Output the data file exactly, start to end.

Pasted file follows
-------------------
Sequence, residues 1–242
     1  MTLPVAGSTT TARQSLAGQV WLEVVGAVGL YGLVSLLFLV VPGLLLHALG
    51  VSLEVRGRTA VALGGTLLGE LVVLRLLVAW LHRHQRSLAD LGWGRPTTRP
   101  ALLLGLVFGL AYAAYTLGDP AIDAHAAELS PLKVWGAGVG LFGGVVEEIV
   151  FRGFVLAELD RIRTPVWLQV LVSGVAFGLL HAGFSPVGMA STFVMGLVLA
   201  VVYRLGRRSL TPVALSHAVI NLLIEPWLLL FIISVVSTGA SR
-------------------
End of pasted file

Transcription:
Sequence, residues 1–242
     1  MTLPVAGSTT TARQSLAGQV WLEVVGAVGL YGLVSLLFLV VPGLLLHALG
    51  VSLEVRGRTA VALGGTLLGE LVVLRLLVAW LHRHQRSLAD LGWGRPTTRP
   101  ALLLGLVFGL AYAAYTLGDP AIDAHAAELS PLKVWGAGVG LFGGVVEEIV
   151  FRGFVLAELD RIRTPVWLQV LVSGVAFGLL HAGFSPVGMA STFVMGLVLA
   201  VVYRLGRRSL TPVALSHAVI NLLIEPWLLL FIISVVSTGA SR